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[This Just In]

Itís war


TUESDAY, SEPTEMBER 11, 11:54 A.M. ó Like thousands of other New Yorkers, I was sitting at my desk at a few minutes after 9 a.m. on Tuesday. I was checking my e-mail when my sister called me on the phone. " Two planes crashed into the World Trade Center, " she said. " Thereís smoke all over the place. " Being a naive sort, I said, " Maybe there was some air-traffic-control problem. " But as we all rushed into one of the offices to watch on television, it was clear that it was terrorism. No way do two planes accidentally plow into the same building, striking both towers kamikaze style. Soon I ran two blocks over to Fifth Avenue and 33rd Street, which affords a clear view down to the twin towers, to look at the billowing smoke. Thousands milled in the street, talking on cell phones: many had run out of the Empire State Building there with fear in their hearts. A plane had crashed into that skyscraper in the 1930s, killing dozens. I looked up at the building and promptly retreated to my office.

Manhattan is cut off from the world: under siege. The authorities closed every bridge, subway, and tunnel to everything except emergency traffic. As I write this I do not know whether I will make it home tonight. Phone service is erratic, too. As for the city primary election that was to decide dozens of local offices ó forget about it. We watched the tube as our world literally came crashing down around us. First the south tower, then the north, covering the Financial District in a cloud of ash. A blow aimed straight at the beating heart of the American economy. Reports of the terror in Washington twisted our stomachs even more. I kept thinking: itís war; itís war; itís war. I have a number of relatives in Jerusalem who have for the past year been living with fear in their guts. So now we know how it feels: up close and dangerous, a totalitarian enemy that knows no bounds, that lives to murder and strike fear. In the Bronx, where we live, my husband sat in his home office and listened as ambulances streamed south into Manhattan on the Henry Hudson Parkway. No one wants to think of the thousands of dead and wounded that are surely going to inundate every hospital from here up to New Haven and down to ó who knows, maybe Philadelphia.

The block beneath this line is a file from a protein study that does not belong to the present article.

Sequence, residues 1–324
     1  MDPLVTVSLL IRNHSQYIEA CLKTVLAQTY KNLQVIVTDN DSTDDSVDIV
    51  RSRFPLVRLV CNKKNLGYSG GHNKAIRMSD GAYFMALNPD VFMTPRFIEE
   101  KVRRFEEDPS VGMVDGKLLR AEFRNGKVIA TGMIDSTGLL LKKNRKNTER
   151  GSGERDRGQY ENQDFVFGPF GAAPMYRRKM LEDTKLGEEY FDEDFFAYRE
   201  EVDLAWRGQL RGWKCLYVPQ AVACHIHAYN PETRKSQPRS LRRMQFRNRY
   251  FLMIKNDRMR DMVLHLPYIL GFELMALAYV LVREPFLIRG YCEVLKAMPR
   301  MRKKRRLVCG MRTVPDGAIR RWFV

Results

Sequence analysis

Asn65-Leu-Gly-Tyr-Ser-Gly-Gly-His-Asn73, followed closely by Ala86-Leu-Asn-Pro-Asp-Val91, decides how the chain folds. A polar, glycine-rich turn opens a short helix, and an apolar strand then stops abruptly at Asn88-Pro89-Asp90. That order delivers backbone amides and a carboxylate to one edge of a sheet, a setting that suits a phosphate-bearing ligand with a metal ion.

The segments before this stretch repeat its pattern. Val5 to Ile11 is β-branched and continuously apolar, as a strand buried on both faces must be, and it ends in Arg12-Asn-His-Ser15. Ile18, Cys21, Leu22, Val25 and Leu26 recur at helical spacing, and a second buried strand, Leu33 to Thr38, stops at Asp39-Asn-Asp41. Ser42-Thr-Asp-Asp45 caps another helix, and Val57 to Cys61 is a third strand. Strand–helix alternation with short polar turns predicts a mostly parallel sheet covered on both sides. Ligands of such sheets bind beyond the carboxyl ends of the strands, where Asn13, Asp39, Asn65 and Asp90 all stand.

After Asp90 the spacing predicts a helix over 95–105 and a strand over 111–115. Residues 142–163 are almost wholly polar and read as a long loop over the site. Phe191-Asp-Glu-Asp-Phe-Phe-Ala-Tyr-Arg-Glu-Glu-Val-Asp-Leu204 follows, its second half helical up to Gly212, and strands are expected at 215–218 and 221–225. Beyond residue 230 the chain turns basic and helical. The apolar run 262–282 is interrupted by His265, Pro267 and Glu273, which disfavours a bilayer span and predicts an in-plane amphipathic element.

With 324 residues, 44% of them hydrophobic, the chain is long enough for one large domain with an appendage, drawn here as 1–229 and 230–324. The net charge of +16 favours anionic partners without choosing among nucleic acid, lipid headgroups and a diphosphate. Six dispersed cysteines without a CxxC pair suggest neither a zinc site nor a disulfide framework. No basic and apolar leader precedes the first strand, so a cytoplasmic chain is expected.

In my office at the Forward, a Jewish weekly newspaper, we try to go on, assigning reporters to get whatever story they can as people sit back and try to absorb the carnage that is still taking shape. Jewish officialdom will have its say; we will record the security measures that every institution took as all hell broke loose. (Security is also a question in this building, which has a sign in Hebrew lettering for the Jewish bookstore on the ground floor.)

But will we ever feel secure again?

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Issue Date: September 11, 2001